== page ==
Sunday, January 14, 2018

How St. Remy changed his world; and how you and I can change ours (Sunday homily)

Today we celebrate our patron, Saint Remy. 
His feast day actually falls on January 13, 
but we are able to move it to Sunday. 
Before I came here, I didn’t know anything about Saint Remy – 
or, Remigius, as he would have called himself. 
I suspect many of us don’t know much about him.

As his name suggests, Remigius was a Roman; 
he lived in northern part of the province of Gaul,
in an area near the border between France and Belgium. 
As a boy, Remy was very bright and well read; 
he was renowned for his learning and his holiness. 
When he was 22, he was nominated to be bishop – 
and he wasn’t even a priest!

Remy was born in AD 437. 
He lived at a time when Roman society was falling apart. 
Imagine that: your country is dissolving; 
people with different language and customs and religion 
are taking over.
These new people were the Franks, who came from Germany.
Their king was Clovis. 

How easy it would have been for Bishop Remy to fear
and even hate Clovis. And maybe he would have, 
had St. Remy been mainly about being Roman. 
But instead, Remy was first and foremost a Christian.

You and I are proud to be Americans. 
But our first loyalty is to Christ. 
We would hate ever to have to choose, but it can happen.

Under President Obama, we were put in that position. 
Our government was saying that good Americans 
are in favor of contraception, 
and will help the government distribute them. 
Our government was saying that good Americans 
are in favor of same-sex “marriage” and in the misdirected, 
immoral sexual behavior which that is really about.

And yes, we’ve gotten something of a breather under this President; 
but less has changed than you may think. 
The prevailing values and beliefs of our society, and our government,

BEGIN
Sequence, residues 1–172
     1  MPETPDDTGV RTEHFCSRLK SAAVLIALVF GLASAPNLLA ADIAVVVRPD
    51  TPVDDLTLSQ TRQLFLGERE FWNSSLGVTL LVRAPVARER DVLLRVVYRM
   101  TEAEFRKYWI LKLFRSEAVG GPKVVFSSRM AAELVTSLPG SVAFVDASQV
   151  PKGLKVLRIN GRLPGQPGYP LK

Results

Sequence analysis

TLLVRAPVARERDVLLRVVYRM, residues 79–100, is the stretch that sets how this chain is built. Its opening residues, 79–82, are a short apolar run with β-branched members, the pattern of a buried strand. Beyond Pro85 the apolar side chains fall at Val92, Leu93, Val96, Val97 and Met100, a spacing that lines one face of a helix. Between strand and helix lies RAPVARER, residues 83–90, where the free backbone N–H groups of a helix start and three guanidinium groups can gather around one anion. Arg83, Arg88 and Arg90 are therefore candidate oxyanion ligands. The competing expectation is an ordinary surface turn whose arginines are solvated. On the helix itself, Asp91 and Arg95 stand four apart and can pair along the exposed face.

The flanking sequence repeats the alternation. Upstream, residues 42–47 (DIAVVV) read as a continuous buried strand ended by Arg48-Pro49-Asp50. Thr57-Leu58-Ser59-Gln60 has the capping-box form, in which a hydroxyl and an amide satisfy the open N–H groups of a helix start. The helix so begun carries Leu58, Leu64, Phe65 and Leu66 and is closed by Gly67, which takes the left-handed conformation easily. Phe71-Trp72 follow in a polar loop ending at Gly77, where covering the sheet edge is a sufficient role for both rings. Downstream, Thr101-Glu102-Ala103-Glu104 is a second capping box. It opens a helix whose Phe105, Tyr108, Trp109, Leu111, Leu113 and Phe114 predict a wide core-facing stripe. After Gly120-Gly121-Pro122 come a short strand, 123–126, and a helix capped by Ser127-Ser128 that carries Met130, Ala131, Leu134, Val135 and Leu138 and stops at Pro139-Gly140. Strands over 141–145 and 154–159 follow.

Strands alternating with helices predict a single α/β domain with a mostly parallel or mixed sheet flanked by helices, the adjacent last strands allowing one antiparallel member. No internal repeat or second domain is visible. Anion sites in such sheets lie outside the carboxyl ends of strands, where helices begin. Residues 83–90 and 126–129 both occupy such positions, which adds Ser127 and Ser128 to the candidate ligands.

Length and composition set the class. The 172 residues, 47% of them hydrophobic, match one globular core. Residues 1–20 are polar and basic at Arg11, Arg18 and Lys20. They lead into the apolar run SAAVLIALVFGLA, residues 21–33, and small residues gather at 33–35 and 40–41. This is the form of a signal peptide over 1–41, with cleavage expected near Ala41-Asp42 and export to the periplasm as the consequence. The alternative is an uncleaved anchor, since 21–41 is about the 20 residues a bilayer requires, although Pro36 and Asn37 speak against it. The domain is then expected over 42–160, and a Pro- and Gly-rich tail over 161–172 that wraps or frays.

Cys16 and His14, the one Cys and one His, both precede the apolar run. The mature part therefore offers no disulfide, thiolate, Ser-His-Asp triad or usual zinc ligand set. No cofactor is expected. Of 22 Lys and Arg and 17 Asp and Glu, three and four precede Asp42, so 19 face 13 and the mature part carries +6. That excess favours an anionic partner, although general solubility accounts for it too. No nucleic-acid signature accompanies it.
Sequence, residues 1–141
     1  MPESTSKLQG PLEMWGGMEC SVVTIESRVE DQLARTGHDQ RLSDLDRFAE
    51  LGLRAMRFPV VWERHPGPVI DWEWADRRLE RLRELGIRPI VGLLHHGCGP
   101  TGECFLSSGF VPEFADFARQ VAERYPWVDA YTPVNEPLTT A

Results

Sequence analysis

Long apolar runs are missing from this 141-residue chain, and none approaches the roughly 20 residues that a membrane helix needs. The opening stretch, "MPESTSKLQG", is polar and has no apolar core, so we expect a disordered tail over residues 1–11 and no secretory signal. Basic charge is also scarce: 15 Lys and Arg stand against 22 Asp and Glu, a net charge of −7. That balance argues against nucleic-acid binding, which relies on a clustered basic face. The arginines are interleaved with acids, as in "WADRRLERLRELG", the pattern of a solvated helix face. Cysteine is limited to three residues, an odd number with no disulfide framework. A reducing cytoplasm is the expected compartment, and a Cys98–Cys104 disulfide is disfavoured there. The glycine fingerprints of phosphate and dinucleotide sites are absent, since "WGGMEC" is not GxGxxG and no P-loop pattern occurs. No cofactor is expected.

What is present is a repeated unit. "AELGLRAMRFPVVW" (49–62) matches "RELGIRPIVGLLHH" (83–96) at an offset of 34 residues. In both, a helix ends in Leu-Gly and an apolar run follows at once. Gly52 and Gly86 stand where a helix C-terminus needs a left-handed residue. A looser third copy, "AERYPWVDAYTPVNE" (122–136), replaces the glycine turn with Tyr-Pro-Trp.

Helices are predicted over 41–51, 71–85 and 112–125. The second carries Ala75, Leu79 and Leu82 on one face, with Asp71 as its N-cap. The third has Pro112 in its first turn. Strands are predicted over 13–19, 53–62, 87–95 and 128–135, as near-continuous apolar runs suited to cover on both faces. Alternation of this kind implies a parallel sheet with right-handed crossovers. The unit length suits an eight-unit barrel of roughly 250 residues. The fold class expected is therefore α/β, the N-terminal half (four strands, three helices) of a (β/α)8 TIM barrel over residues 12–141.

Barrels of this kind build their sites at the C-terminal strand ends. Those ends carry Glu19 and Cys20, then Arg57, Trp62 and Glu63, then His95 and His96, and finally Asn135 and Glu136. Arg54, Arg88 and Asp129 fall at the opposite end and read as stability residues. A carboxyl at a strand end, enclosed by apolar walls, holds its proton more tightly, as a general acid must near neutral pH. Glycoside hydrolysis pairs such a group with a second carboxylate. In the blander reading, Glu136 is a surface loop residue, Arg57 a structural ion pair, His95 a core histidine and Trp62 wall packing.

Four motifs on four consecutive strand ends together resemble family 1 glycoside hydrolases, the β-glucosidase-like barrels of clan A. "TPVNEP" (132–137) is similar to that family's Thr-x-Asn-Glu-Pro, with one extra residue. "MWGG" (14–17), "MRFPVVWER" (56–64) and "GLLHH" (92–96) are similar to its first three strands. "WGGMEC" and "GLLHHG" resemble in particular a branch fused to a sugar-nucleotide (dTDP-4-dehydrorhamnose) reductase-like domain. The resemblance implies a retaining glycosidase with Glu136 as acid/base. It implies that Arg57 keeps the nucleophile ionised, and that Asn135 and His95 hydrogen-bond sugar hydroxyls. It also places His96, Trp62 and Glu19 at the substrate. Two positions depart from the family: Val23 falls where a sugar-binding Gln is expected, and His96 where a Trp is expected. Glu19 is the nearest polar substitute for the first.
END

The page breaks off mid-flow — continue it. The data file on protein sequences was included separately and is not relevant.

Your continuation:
are growing less Christian, and more pagan, every day.

St. Remigius had a choice; he remembered his mission.
He fostered good relations with the Franks. 
He may well have been influenced 
by Saint Paul’s words in the second reading: 
“I have become all things to all, to save at least some.” 

Because Remy made himself available to the Lord, 
not only was King Clovis baptized; 
3,000 other of his cohort were baptized that same day. 
That set the whole kingdom on the path to becoming Catholic; 
and thus the future nation of France.

And that, in turn, played a huge role in all history since.

When you and I think about the changing nature of our society, 
all kinds of reactions can follow:
Discouragement, resignation, fear and anger.

I don’t know if Bishop Remy was ever discouraged. 
He probably was, at times, as are we all.
What we do know is he did not resign himself; he did not retreat.

Again, we don’t know what special challenges 
he and his fellow Christians faced at that time. 
Yet we do know that his main response – his daily plan – 
was really no different from ours.

Whenever we talk about evangelization – 
about sharing our Faith – a lot of people will be intimidated, and say,
“I don’t know what to say! I don’t know what to do!”
It’s not about saying or doing any special thing.
It’s simply about being who you are, 
and sharing yourself with others.

How did Remy win Clovis and his fellow invaders?
It was pretty simple, really. 
He sought them out; he offered friendship.

One of the things that impressed King Clovis 
was the way of life the Christians lived. 
He saw their dedication to prayer and the generous way 
they responded to people’s needs.

Every year around this time, 
we talk about the Catholic Ministries Appeal. 
Remember, this is the way our Archdiocese does the very things 
that so impressed the unbelievers in St. Remy’s time.

This fund helps many who are poor and without resources.
It provides food and utility help for people who need it, as well as
counseling and family assistance through Catholic Social Services. 

Part of it goes to provide for our retired priests. 
Part of it helps with outreach to colleges, prisons and hospitals. 
And a portion of it supports our seminary and our vocation programs.
And all of it – every dollar – stays in our Archdiocese.

I will be traveling next weekend. 
Some parishes will play a recorded message from the Archbishop. 
Here, we’ll put the text of his remarks in the bulletin instead, 
and we’ll talk more about it when I get back.

The Catholic Ministries Appeal is just one of many ways 
you and I can do in a practical way 
what we prayed in today’s psalm: 
“Here we are, Lord. We come to do your will.”

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